In what has become the gold standard compendium of the Christian creeds, John Leith writes, “Christianity has always been a ‘creedal’ religion in that it has always been theological. It was rooted in the theological tradition of ancient Israel, which was unified by its historical credos and declaratory affirmations of the faith. No pretheological era has been discovered in the New Testament or in the history of the Christian community. From the beginning Christianity has been theological, involving men in theological reflection and calling them to declarations of the faith.” (Creeds of the Churches, 1). While some contemporary Christian denominations may eschew creeds in principle, they are nonetheless creedal in the broadest sense of the term. The short quip, “No creed but Christ,” or “No creed but the Bible,” is itself a creed—although a bad one to be sure! The moment a minister opens his mouth to interpret and apply the teaching of Scripture, he is declaring and encouraging those who hear him to share his belief (i.e. his creed). Our choice is not therefore between creedalism and non-creedalism but between good creeds and bad creeds. To reject a robust and self-conscious creedalism is really to prefer one’s own private creed over the public creeds that have time-tested pedigrees in the church. In his excellent book The Creedal Imperative Carl Trueman writes, “Christians are not divided between those who have creeds and confessions and those who do not; rather they are divided between those who have public creeds and confessions that are written down and exist as public documents, subject to public scrutiny, evaluation, and critique, and those who have private creeds and confessions that are often improvised, unwritten, and thus not open to public scrutiny, not susceptible to evaluation and, crucially and ironically, not, therefore, subject to testing by Scripture to see whether they are true” (15).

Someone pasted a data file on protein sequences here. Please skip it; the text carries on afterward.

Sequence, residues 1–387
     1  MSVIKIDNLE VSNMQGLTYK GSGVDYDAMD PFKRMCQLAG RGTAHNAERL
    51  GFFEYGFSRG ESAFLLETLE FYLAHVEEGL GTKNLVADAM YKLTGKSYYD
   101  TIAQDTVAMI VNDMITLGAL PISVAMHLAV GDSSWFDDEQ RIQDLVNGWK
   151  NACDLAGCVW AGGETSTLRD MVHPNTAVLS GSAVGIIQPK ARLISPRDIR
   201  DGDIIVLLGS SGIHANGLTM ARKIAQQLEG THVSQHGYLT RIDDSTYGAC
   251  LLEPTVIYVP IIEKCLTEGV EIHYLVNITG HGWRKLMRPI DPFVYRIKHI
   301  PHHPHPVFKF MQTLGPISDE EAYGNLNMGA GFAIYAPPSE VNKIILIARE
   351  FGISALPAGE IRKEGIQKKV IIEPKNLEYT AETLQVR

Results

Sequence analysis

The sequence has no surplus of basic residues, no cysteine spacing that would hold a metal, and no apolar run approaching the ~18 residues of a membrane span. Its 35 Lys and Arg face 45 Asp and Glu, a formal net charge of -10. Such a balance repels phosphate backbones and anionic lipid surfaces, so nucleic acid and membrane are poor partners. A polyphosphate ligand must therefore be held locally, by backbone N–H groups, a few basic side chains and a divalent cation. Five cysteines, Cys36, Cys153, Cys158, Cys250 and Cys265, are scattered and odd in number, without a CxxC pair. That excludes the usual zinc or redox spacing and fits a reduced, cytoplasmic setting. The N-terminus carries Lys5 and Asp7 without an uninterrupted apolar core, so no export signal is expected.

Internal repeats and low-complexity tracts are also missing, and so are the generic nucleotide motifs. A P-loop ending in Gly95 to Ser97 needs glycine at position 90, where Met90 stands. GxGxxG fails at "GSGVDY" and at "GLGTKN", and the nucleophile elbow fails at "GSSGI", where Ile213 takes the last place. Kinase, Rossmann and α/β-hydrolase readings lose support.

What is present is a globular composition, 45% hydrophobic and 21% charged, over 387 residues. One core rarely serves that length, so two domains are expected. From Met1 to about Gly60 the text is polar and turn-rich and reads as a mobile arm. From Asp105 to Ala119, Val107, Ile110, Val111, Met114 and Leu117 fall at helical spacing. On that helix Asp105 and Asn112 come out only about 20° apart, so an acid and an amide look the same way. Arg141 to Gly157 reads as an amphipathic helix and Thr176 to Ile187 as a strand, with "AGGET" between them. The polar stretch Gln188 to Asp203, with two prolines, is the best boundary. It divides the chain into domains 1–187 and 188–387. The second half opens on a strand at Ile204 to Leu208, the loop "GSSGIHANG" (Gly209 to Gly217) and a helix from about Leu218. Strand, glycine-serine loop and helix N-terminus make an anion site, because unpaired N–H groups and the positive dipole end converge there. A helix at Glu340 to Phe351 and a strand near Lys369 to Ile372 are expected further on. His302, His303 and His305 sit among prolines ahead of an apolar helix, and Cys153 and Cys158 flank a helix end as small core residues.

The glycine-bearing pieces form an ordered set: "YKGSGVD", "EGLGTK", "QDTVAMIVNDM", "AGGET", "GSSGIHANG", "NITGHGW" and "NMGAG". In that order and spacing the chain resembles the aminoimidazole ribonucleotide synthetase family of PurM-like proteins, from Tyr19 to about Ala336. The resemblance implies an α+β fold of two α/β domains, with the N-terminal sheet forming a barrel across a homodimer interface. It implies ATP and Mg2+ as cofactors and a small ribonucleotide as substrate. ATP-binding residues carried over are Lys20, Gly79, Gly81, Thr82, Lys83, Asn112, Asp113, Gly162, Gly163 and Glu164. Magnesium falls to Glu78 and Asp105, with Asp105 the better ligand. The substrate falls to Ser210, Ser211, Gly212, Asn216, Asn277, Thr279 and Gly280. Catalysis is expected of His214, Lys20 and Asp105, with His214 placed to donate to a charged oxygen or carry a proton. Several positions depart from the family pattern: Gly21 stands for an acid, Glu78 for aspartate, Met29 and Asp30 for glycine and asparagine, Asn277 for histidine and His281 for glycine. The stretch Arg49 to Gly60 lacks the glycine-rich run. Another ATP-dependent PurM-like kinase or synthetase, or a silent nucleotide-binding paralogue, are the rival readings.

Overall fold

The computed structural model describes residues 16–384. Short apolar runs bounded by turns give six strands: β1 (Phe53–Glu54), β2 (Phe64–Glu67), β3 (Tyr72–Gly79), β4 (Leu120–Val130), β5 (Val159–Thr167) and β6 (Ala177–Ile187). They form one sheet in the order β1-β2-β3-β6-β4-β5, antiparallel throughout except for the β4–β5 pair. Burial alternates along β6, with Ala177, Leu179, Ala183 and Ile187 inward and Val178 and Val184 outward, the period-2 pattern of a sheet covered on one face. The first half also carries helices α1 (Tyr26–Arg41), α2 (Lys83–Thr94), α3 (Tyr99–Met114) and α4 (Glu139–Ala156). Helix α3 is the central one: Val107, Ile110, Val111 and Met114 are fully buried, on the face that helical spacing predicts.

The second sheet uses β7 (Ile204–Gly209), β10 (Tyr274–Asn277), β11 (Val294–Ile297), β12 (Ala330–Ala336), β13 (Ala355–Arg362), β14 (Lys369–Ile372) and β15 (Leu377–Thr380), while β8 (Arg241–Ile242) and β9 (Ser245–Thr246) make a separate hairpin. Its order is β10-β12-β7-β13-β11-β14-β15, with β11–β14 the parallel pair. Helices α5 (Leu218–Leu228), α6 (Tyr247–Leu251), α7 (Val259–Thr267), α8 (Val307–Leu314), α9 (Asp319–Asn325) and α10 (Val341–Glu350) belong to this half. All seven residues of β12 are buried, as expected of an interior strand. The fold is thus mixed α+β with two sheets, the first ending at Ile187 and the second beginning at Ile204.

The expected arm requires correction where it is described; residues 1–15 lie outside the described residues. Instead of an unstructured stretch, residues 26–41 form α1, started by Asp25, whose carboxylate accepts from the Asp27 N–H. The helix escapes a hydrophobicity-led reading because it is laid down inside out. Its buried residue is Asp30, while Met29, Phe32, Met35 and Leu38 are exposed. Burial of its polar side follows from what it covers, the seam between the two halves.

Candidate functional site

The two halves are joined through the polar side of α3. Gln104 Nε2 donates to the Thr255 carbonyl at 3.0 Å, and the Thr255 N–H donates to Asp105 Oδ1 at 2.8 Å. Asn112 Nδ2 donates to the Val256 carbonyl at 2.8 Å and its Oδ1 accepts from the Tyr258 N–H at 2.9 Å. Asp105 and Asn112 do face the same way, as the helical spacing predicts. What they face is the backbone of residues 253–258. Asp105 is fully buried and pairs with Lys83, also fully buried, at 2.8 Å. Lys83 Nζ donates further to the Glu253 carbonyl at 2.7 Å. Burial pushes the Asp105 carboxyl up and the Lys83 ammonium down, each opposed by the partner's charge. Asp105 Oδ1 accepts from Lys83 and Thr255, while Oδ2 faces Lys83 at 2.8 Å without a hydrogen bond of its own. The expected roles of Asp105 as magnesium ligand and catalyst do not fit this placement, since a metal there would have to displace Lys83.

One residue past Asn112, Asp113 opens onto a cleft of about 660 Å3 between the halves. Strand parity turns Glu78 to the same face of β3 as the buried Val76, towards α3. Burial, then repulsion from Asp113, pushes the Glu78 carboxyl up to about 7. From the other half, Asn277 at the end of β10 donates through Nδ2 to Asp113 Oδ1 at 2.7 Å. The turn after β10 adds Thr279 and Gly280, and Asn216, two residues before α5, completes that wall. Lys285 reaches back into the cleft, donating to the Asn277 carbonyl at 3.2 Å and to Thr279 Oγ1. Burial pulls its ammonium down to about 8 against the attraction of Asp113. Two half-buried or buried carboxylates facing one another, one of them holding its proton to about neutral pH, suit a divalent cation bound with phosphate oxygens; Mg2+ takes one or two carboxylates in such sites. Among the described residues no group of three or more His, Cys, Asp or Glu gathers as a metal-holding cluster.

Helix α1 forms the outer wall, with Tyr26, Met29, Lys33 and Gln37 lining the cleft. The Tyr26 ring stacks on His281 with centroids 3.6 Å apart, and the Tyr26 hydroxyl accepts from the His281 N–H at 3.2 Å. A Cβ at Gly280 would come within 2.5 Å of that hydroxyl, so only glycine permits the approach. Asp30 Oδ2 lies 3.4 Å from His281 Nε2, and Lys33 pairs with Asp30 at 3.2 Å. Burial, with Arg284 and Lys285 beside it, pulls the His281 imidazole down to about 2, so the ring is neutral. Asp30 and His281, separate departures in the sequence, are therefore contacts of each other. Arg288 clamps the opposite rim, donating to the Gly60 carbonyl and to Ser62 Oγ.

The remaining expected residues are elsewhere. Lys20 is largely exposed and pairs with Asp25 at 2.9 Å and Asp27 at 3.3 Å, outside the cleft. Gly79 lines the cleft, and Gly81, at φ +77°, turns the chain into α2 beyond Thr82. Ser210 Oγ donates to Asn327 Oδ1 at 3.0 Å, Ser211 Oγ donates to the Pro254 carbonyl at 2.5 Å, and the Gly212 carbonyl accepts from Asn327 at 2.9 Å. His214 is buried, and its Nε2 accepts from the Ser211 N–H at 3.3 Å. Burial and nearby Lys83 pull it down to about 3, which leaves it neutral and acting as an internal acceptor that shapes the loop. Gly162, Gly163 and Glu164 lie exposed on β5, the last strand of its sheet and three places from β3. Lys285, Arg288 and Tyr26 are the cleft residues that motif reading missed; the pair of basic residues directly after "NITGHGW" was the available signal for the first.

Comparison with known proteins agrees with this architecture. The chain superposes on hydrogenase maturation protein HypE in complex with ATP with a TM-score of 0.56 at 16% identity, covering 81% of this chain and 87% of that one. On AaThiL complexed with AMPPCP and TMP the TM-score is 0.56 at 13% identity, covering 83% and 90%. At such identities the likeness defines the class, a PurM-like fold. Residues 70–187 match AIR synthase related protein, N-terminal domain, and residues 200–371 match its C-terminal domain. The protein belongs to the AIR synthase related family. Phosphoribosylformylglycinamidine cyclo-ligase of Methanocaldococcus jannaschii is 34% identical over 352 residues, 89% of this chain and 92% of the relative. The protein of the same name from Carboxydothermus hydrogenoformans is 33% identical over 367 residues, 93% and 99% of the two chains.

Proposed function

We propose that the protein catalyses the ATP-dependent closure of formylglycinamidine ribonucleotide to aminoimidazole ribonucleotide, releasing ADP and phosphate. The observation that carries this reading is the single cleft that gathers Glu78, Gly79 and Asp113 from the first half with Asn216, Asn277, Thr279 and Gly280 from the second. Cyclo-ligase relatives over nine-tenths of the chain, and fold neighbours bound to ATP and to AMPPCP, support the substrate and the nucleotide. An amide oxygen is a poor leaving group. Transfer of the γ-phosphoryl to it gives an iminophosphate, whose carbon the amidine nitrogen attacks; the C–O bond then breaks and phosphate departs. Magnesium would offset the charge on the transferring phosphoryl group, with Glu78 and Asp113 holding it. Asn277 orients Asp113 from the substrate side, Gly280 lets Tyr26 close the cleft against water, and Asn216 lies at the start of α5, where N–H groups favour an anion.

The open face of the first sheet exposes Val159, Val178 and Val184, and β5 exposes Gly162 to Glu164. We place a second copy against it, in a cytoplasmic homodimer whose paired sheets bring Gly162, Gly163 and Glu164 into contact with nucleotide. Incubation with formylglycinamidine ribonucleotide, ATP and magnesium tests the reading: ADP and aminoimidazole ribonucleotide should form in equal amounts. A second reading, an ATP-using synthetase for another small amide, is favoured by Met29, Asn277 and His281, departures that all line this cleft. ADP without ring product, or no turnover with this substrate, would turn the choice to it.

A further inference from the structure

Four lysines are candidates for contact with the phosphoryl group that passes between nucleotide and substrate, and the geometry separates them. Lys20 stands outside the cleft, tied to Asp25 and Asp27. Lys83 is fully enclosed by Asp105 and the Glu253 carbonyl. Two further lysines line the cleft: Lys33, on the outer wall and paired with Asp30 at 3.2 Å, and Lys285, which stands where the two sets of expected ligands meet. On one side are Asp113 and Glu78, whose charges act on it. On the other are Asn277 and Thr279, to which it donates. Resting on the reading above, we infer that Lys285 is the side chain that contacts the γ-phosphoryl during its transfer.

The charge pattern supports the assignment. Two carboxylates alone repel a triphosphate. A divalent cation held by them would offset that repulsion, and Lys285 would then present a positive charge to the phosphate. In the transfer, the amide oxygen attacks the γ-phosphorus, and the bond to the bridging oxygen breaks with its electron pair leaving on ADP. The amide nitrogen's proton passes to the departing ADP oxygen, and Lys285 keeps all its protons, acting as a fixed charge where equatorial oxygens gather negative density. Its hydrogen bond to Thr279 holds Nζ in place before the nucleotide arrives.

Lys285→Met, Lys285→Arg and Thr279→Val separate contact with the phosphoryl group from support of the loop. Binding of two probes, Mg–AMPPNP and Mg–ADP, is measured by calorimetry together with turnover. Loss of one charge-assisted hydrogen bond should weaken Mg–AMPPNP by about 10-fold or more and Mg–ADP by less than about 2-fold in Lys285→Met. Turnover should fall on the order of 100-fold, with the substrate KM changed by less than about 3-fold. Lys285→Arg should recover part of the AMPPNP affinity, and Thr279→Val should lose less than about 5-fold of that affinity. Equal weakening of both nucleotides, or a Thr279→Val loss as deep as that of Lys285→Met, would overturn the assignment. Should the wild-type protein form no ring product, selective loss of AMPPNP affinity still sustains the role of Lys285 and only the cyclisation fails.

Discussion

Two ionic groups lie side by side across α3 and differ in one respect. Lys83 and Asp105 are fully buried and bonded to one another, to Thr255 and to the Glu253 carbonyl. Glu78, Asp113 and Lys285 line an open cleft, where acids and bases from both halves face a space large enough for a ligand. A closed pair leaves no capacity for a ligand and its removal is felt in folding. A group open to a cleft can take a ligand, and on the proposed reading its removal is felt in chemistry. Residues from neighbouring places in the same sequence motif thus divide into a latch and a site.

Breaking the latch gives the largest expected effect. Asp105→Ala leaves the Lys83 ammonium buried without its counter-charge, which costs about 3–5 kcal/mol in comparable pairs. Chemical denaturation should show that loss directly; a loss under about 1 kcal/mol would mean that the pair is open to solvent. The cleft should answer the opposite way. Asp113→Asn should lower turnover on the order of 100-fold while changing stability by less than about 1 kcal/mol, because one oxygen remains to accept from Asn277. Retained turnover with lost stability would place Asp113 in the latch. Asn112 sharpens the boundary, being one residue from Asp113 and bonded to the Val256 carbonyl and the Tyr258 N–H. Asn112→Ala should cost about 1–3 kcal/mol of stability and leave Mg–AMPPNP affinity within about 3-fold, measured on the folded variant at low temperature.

Oftentimes the use of creeds is rejected on the grounds that it undermines the Protestant tenet sola Scriptura (i.e. the Scriptures are our only infallible rule for faith and practice). But, ironically, the formal rejection of creedalism actually undermines that tenet. Sola Scriptura requires the creedal tradition of the church for its implementation. After all, the Scriptures teach that Christian faith and practice, including biblical interpretation, must be worked out in the context of Christian community.

Proper biblical interpretation cannot coexist with individualism. Christians need one another across the centuries as well as today, because the Holy Spirit didn’t begin his work of illumination in our time or with any single individual. Jaroslav Pelikan writes, “Christian doctrine is the business of the church. The history of doctrine is not to be equated with the history of theology or the history of Christian thought. If it is, the historian runs the danger of exaggerating the significance of the idiosyncratic thought of individual theologians at the expense of the common faith of the church. The private beliefs of theologians do belong to the history of doctrine, but not simply on their own terms. For one of the most decisive differences between a theologian and a philosopher is that the former understands himself as, in Origen’s classic phrase, ‘a man of the church,’ a spokesman for the Christian community” (The Christian Tradition, Vol. 1, 3). Creedalism recognizes and applies this truth by employing publicly received statements of faith from the past as authorities in the life of the church today.